It is always a good idea to keep your projects under version control. Once you get into the habit of using Git, you might warm to the idea of pushing your repository to a web-hosted service such as Github or Gitlab. They are undoubtedly useful for collaboration, sharing and much more.

But for some projects, whether personal or business, using a hosted service is not acceptable (remember, “the cloud” is just someone else’s computer). Even so, you can still get a nice web-based front-end for your Git repos. You will just have to self-host it. Ideally on hardware that you own, but in lieu of that a VPS will do.

My own motivation for self-hosting a Git server is that I would like to have access to the capabilities such a service offers while I work on my thesis, which I’m not comfortable hosting in the cloud (not until it is done, anyway).

Currently, your choice of front-ends boils down to Gitlab CE, Gogs or Gitea.1 Gitea is a fork of Gogs. Both of them are very light on system resources. Gitlab Community Edition is a monster in comparison. For a non-professional coder like myself, Gitea will be just fine.

The rest of this post describes how I setup Gitea on a server of mine. You can have a look at the finished product at (it’s not much to look at). Before jumping off, I should note that there are already several “how to setup Gitea” guides published by others, so this will not be a step-by-step instruction. For that, I can recommend any of the following:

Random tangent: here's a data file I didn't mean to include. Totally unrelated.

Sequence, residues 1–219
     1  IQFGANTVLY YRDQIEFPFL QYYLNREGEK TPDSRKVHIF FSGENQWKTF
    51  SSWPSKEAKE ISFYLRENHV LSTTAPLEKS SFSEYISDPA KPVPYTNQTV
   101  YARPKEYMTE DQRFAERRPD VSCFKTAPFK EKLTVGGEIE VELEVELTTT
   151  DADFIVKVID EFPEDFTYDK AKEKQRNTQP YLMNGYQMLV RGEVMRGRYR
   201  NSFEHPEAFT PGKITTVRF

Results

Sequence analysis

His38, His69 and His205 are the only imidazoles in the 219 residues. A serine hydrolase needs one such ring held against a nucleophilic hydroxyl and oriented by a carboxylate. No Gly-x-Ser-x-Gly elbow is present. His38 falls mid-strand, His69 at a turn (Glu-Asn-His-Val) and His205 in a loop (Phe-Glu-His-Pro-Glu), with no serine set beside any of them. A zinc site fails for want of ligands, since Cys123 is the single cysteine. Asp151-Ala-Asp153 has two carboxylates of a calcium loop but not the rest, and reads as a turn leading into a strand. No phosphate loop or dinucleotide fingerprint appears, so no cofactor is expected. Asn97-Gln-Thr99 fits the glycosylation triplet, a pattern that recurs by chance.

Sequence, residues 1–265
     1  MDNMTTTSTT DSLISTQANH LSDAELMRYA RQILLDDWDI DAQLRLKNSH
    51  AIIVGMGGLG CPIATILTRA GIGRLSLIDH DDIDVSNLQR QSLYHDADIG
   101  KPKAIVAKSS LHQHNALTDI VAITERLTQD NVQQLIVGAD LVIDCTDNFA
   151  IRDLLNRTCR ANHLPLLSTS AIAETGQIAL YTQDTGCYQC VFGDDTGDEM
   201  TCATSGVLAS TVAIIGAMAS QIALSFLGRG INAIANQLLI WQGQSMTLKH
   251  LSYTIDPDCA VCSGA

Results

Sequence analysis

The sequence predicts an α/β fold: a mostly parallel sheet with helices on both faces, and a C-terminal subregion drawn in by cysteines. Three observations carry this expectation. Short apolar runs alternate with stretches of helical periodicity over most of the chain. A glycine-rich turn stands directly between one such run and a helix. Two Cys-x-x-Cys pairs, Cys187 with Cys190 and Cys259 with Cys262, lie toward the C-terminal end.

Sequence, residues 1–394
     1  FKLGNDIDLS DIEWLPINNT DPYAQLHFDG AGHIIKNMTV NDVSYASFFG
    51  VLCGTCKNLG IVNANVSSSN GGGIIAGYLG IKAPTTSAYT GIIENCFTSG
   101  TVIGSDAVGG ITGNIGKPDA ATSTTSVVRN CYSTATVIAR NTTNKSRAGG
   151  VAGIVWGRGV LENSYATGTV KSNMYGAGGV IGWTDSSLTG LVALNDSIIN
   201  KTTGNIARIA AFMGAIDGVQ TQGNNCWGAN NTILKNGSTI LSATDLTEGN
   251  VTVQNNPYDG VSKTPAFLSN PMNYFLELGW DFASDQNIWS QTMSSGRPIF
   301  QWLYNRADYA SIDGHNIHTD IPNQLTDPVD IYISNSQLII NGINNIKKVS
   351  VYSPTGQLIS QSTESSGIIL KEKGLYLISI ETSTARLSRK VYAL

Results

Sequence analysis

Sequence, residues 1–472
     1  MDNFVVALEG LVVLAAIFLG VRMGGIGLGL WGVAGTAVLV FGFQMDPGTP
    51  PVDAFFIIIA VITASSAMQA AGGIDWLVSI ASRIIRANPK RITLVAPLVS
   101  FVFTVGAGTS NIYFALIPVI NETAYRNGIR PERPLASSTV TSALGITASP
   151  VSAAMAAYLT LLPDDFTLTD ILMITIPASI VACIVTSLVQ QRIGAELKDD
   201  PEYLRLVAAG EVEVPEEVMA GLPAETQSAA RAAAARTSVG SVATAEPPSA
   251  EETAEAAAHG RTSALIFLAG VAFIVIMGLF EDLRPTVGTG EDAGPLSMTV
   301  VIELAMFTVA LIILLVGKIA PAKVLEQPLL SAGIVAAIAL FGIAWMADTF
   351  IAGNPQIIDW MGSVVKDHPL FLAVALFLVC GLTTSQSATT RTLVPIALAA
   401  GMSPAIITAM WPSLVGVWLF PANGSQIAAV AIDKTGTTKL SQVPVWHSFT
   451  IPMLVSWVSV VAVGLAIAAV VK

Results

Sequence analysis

MySQL database for Gitea

# install mysql from ubuntu repos
sudo apt install mysql-server mysql-client libmysqlclient-dev 
# check the installed mysql version
mysql --version
# secure the mysql installation
sudo mysql_secure_installation
# login to mysql as root
sudo mysql -u root -p

While logged in as MySQL root user, create the user and database for Gitea.

CREATE USER 'gitea'@'localhost' IDENTIFIED BY 'somelongandcomplexpassword';
GRANT ALL ON gitea.* TO 'gitea'@'localhost';

We explicitly set UTF8 for the Gitea database above because the Gitea docs explicitly recommend using InnoDB and UTF8 with MySQL. Recent versions of MySQL should default to using InnoDB (instead of MyISAM), but we can check that ourselves by (still logged in as MySQL root):

mysql> show engines;
| Engine             | Support | Comment                                                        | Transactions | XA   | Savepoints |